The History of St. Francois, County
Established: Dec. 19, 1821


A county in the southeastern part of the State, irregular in form and bounded on the north by Jefferson and Ste. Genevieve, east by Ste. Genevieve and Perry, south by Perry, Madison and Iron, and on the west by Iron and Washington Counties. Its area is 280,680 acres. The surface of the county is hilly and undulating. In the northern part near the Jefferson County line the ridge land is fairly productive. The soil, which is of a red or yellowish ferruginous clay, is excellent for fruit-growing and grazing purposes. The same conditions are found in the southern section, but in places it is exceedingly broken and hilly. In the valleys the soil is a fertile black loam and highly productive. In the central part around Farmington are the richest lands in the county. A watershed divides the county, the Big River flowing toward the north, and the St. Francis in a southerly direction. The tributaries of Big River are Terre Bleu, from the east, Flat River, Davis Creek, Koen Creek and Three Rivers. The tributaries of the St. Francois are Charter Creek, Wolf and Back Creeks and numerous smaller streams. Many springs abound, and the creeks are ample to furnish water power all the year around.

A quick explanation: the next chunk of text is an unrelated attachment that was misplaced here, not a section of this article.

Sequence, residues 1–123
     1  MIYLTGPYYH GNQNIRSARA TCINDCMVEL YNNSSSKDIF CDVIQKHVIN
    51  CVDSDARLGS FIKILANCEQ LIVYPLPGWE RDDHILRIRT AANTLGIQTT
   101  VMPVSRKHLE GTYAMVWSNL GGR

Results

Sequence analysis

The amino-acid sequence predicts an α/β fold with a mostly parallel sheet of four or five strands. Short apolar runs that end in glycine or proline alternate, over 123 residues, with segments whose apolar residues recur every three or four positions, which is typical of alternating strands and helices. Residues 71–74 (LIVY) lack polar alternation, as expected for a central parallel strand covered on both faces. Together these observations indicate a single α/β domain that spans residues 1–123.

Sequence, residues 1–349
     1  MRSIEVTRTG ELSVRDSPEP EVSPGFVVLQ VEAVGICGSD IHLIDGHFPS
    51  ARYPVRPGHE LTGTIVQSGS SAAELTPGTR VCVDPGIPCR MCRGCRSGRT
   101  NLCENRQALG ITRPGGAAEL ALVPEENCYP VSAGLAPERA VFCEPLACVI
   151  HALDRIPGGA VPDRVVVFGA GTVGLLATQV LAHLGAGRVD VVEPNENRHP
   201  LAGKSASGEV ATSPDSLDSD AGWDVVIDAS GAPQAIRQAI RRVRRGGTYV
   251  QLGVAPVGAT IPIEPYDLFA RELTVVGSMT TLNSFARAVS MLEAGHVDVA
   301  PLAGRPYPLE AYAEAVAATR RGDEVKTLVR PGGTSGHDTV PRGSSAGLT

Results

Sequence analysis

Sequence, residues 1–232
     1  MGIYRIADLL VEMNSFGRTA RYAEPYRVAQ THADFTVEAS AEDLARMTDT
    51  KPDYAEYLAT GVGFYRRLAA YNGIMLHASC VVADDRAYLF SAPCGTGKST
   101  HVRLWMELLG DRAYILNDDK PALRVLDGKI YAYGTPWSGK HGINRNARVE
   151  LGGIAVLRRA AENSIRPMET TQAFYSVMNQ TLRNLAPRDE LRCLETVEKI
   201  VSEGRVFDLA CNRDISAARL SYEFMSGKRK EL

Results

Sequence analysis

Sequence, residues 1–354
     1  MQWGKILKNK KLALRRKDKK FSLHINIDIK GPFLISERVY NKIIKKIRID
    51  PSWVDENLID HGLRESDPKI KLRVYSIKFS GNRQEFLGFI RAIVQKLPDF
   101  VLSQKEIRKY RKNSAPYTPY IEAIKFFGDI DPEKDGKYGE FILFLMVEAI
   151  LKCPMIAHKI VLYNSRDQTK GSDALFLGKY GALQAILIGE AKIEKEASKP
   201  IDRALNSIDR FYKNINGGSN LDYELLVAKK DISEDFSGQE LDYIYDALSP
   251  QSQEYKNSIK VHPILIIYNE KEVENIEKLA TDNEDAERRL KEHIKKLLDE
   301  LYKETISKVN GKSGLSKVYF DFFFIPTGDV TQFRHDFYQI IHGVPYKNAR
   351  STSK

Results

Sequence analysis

Only about 40 per cent of the land is under cultivation, the remainder mainly in timber, consisting of oak, ash, hickory, walnut, sycamore, pine and gum. The uplands and forests afford excellent pasturage for stock, the raising of which is a profitable industry in the county. The principal cereals grown are wheat, corn and oats. Tobacco grows well in parts of the county where it has been cultivated. Horticulture is receiving increased attention, as apples, pears, peaches, plums and smaller fruits grow abundantly. Included among the exports of the county in 1898 were 3,951 head cattle; 5,218 head hogs; 2,327 head of sheep, 1,899 bushels wheat; 2,670 pounds clover seed, 665 pounds of roots, 4,620,000 pounds of flour, 150,000 pounds feed, 155,000 pounds poultry, 19,980 dozen eggs, 2,518 pounds butter, 72,267 pounds hides, 1,400 pounds nursery stock, 1,023 bushels apples, 105 baskets and crates small fruit, 6,660 pounds vegetables, and 2,770 pounds